With the shifting sands of new technology, changing content distribution channels and consumer usage patterns, and a plethora of new formats and brand competitors all revolving around a volatile retail environment, Mike Fasulo, president of the newly renamed Sony North America, met with reporters at a press roundtable on March 4 in Beverly Hills to set out the company’s plans for its business and the marketplace, in general.
Mike Fasulo, president of the newly renamed Sony North America and Jim Belcher, VP of technology and production for the Universal Music Group, met with reporters in Los Angeles.
Addressing a hot topic straight off the bat, Fasulo firmly stated that Sony has not “spun off” either its TV, video, and sound (“VAS”) businesses in the sense that the ownership is transferred to an outside party or just plain sold (see also, Frank Sterns). Rather, Sony categorizes the recent organizational moves as “split-outs,” that put the businesses in separate units where they are not combined with any other Sony operation. The professed goals, in Fasulo’s words, are to “…give the groups clear accountability and decision-making authority with a light infrastructure.”
As an example of how this approach has previously worked well, Fasulo pointed to Sony Computer Entertainment, or SCEA, which is responsible for the PlayStation product line. SCEA was “split-off” from its roots elsewhere in the Sony organization to continue as a wholly owned, but stand-alone unit. Perhaps to make it is clear as possible to the assembled reporters, he said that “we’re not getting of, or divesting and business…we don’t have an interest in selling any of our spin-out business.”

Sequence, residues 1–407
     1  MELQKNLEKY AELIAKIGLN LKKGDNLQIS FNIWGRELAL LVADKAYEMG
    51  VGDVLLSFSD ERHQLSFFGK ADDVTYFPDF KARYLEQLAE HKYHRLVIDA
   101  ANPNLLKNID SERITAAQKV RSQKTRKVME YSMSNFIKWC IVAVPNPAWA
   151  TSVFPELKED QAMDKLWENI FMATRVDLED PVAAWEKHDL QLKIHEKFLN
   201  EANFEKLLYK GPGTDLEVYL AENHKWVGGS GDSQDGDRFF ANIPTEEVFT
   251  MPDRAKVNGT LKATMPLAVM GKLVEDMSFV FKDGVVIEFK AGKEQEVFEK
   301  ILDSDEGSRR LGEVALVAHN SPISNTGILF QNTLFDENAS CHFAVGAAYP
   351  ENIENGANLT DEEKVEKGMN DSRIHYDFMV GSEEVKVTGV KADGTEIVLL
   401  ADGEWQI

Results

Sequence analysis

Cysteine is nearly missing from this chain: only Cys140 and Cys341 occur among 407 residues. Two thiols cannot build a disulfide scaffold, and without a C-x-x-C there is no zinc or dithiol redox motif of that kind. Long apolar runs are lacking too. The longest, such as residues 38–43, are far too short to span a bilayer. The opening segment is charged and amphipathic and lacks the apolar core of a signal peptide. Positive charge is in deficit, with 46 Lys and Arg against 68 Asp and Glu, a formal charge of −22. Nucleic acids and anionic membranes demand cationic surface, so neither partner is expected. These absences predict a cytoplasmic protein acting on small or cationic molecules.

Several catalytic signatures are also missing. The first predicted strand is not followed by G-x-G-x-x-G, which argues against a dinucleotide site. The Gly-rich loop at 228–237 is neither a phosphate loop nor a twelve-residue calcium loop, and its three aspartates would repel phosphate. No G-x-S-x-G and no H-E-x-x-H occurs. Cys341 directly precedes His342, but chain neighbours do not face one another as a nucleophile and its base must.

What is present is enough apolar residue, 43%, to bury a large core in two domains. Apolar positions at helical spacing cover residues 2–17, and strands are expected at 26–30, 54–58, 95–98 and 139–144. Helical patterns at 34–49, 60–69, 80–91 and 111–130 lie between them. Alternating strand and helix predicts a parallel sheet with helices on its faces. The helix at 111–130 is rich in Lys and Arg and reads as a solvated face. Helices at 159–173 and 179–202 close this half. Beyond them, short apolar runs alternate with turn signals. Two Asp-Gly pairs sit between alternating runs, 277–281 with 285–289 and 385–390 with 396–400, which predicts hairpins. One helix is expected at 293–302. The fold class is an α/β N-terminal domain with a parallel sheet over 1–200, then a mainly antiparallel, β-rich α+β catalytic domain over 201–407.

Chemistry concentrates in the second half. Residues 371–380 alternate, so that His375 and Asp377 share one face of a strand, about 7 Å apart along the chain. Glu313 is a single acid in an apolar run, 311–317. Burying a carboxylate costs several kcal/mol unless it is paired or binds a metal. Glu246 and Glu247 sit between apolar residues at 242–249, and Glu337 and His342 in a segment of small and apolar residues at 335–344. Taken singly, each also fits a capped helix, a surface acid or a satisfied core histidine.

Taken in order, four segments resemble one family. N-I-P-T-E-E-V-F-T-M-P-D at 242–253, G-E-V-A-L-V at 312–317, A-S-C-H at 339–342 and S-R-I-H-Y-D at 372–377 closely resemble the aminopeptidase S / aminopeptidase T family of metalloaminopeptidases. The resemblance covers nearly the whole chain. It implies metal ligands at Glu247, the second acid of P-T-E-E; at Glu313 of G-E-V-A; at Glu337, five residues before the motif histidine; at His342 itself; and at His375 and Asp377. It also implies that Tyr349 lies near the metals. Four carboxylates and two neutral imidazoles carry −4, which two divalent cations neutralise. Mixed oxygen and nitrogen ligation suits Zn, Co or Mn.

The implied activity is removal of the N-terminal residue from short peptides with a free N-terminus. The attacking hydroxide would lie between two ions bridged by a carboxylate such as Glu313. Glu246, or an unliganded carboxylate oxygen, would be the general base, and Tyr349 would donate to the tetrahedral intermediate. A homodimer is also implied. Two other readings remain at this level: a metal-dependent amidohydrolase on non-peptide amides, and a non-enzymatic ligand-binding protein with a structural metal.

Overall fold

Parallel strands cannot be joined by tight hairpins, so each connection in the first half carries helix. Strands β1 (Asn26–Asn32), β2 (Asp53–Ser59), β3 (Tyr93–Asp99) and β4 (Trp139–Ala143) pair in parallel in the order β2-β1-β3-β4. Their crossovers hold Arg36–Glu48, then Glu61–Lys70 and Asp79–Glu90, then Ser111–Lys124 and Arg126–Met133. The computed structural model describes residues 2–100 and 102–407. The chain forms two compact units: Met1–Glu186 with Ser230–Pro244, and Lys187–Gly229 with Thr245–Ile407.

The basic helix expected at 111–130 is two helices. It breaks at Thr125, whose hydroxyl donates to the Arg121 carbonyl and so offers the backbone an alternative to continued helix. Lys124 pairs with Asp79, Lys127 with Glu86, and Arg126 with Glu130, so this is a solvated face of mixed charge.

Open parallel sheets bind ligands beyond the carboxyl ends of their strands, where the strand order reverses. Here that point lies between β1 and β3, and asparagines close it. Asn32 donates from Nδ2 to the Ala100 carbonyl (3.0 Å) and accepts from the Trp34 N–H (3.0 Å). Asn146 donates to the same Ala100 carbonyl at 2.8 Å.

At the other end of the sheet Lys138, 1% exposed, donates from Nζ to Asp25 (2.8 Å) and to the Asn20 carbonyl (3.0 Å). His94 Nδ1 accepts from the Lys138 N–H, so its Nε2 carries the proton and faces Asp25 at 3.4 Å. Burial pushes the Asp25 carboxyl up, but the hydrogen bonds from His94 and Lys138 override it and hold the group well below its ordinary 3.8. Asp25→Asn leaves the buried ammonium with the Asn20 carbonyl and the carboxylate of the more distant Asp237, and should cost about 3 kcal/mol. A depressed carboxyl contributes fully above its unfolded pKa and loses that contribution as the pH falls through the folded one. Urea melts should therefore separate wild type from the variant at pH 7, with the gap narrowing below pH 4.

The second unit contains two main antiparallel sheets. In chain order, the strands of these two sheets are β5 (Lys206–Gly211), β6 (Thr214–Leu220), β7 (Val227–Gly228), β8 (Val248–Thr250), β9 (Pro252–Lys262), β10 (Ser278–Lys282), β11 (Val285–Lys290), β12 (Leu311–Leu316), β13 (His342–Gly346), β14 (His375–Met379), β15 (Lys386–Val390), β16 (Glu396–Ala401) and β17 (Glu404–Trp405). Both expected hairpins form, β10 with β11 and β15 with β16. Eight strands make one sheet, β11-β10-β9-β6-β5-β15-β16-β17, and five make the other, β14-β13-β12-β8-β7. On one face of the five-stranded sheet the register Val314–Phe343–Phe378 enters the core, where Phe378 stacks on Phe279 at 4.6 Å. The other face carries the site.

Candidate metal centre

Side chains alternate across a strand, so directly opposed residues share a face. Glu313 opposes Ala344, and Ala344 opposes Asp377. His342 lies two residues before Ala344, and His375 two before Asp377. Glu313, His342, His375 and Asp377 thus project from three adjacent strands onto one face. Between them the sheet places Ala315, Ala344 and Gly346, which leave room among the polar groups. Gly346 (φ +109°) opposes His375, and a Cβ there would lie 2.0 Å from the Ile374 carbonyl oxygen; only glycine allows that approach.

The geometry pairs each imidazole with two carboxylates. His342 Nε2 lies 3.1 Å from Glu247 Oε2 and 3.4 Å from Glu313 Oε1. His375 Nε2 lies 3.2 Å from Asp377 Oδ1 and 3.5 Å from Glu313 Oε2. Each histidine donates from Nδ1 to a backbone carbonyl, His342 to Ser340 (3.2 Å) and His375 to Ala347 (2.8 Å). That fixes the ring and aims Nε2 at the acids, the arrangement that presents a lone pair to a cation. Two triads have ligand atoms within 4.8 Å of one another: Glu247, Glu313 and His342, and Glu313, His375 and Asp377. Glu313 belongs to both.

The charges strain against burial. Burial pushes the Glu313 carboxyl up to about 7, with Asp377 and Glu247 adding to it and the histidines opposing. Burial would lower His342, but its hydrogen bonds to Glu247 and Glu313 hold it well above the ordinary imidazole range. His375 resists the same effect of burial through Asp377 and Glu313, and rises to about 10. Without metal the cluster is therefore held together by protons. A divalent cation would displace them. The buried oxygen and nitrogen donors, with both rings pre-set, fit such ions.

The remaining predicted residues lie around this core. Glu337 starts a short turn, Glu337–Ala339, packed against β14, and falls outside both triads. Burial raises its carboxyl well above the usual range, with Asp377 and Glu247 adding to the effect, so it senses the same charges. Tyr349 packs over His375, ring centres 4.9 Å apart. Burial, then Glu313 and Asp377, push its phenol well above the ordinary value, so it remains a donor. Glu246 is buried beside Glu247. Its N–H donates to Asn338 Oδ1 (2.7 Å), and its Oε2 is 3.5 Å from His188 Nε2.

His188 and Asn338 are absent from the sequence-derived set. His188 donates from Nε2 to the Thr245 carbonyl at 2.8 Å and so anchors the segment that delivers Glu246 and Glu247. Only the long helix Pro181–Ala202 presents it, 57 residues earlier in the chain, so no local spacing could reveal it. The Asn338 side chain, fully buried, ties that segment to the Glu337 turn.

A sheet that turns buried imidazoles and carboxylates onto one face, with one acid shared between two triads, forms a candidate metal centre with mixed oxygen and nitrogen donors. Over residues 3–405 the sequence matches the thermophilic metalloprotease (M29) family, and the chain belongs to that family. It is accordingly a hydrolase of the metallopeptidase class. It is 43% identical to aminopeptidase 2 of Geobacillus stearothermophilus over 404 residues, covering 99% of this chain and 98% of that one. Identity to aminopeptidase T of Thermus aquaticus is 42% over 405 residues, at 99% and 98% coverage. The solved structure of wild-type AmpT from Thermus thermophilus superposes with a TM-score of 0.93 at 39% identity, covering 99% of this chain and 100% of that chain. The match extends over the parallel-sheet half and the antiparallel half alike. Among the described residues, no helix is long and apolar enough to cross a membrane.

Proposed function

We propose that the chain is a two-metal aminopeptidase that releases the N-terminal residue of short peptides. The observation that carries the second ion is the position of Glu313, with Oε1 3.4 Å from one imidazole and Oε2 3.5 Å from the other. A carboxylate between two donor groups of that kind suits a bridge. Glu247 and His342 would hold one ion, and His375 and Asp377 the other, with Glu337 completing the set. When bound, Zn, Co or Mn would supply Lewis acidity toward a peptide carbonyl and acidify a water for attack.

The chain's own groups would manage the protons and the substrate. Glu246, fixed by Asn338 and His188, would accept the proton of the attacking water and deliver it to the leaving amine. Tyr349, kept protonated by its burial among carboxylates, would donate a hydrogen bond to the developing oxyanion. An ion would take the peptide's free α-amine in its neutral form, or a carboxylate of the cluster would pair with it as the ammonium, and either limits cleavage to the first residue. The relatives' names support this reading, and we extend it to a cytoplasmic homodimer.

With those statements hopefully putting the biggest business question to rest, the discussion turned to products and marketing. In other words, with the business structure revised, how will Sony get its products to market, and what will those products be?
Repeating a theme that goes back to a Kaz Harai’s CES keynote address and Fasulo’s own keynote at this past year’s CEDIA EXPO, Sony’s product direction will increasingly be aimed at premium products. These include higher-end 4K/UHD displays, 4K action cams on the vision side, and high-resolution audio on the sound side.
Both Fasulo and Sony North America deputy president Toshi Okuda pointed to the current success of their TV business with high-line sets as evidence that the plan is working. According to Okuda, the U.S. market is Sony’s largest for 4K sets, and with Sony’s fiscal year about to close, Fasulo pointed to last year as Sony’s “best in electronics in a decade.”
The push behind UHD will move in line with the industry’s theme of not just “more pixels”, but “better pixels and faster pixels.” Although Sony has dropped QD Vision’s Color IQ from its sets, they are using their own, proprietary take on quantum dots/nano-crystals for improved and more accurate color. With regard to the various high dynamic range (HDR) systems being proposed, Fasulo would not commit to any specific standard for Sony’s sets, but did hint that depending on how the final standards shake out, it may be possible to upgrade some of the current models to accommodate the eventual choice.